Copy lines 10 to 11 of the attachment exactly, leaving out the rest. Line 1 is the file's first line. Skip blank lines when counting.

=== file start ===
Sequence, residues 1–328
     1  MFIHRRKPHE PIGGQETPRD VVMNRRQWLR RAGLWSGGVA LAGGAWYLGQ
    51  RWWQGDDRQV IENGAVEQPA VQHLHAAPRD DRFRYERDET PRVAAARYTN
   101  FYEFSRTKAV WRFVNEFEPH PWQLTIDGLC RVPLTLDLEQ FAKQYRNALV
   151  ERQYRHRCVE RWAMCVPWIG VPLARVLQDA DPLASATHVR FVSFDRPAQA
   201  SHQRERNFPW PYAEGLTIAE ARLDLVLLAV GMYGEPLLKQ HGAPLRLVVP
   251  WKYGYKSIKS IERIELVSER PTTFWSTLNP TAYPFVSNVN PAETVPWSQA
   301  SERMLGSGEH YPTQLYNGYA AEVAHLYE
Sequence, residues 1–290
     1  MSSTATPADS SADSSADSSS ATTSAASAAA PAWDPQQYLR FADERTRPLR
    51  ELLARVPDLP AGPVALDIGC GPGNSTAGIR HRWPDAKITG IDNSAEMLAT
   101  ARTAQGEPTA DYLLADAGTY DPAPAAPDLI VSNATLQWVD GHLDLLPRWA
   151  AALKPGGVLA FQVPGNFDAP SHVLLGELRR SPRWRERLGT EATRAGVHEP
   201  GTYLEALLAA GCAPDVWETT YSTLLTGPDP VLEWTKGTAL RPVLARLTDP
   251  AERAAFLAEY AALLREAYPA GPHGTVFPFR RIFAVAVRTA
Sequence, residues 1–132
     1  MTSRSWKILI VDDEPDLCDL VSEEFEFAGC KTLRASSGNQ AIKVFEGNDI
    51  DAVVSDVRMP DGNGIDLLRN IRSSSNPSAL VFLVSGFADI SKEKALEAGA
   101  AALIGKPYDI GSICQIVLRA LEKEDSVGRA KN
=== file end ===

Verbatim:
     1  MSSTATPADS SADSSADSSS ATTSAASAAA PAWDPQQYLR FADERTRPLR
    51  ELLARVPDLP AGPVALDIGC GPGNSTAGIR HRWPDAKITG IDNSAEMLAT